I am a Dragon user. I got it when I started my Master's course with the Open University. I had a disability assessment and some very nice chap visited me at home, asked hundreds of questions about my condition and how it affects me, and then recommended a chair and Dragon. Thankfully these were paid for by DSA (disabled student allowance), as they were both pretty pricey!

So, what is Dragon? It's basically a speech to text tool. I use it most for producing lengthy documents, where typing would …

What looks good?

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A few years ago, I did a photography course. As well as learning how to use all the different functions of my camera, instead of always having it on AUTO, we learned a bit about composition and what makes a photo look good. We learned about the rule of thirds, leading lines and framing. I hope that understanding this has helped me improve my photography.

A few weeks ago, I started my new job as an e-learning designer. When I was looking for something new, I noticed there were e-learning developer and e-learning designer jobs, and I wonder what the real difference is. I suspect, in practice, they both do much the same things. In theory, I'm more of a developer - I'm good at making the technology do what I want it to do. I've got the educational experience and I know what I want the learner to experience and I want to use the technology to enable that.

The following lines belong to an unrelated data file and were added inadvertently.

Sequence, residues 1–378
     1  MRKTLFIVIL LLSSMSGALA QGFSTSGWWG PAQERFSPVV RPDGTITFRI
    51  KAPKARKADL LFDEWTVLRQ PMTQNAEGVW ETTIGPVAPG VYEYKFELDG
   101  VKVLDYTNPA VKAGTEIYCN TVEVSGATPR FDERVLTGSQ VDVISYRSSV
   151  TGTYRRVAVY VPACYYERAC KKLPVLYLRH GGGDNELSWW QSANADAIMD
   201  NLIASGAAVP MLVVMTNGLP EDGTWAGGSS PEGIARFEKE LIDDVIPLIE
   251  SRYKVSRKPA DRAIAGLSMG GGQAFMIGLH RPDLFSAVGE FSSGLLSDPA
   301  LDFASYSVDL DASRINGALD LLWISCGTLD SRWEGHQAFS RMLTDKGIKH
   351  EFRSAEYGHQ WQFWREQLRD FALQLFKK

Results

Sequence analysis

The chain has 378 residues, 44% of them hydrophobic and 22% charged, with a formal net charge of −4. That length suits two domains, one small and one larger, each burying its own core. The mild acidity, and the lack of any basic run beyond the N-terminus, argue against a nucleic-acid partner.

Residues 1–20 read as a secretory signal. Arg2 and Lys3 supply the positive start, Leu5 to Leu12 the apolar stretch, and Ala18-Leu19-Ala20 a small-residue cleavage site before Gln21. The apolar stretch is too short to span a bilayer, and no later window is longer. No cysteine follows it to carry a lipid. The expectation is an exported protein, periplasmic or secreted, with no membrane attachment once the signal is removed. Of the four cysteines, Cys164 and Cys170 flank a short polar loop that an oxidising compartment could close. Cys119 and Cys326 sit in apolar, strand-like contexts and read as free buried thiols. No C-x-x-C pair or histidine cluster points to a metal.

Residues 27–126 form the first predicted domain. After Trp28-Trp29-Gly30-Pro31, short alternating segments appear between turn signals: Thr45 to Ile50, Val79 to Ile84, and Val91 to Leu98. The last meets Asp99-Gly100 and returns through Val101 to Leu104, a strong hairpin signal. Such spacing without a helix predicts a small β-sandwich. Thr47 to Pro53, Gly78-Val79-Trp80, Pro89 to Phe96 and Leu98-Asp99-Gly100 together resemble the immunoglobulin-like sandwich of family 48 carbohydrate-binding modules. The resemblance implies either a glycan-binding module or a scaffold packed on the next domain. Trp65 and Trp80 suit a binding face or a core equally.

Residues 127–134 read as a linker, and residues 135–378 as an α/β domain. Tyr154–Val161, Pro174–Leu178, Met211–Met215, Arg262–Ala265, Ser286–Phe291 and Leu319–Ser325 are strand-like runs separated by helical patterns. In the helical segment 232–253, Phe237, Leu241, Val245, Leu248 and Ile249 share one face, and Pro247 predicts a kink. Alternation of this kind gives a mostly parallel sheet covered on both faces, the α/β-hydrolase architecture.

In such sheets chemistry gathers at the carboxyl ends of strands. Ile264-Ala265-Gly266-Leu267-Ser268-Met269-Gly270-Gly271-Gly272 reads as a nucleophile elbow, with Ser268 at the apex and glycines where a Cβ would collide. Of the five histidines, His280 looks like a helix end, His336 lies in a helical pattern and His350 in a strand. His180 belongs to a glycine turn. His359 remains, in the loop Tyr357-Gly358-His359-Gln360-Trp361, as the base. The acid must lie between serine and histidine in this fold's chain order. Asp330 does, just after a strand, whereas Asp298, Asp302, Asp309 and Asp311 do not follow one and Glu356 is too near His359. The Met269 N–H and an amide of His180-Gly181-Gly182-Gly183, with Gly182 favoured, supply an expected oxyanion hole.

As a designer, I'd like to think I'm not too bad. I understand the basics of what makes a design look good, at least…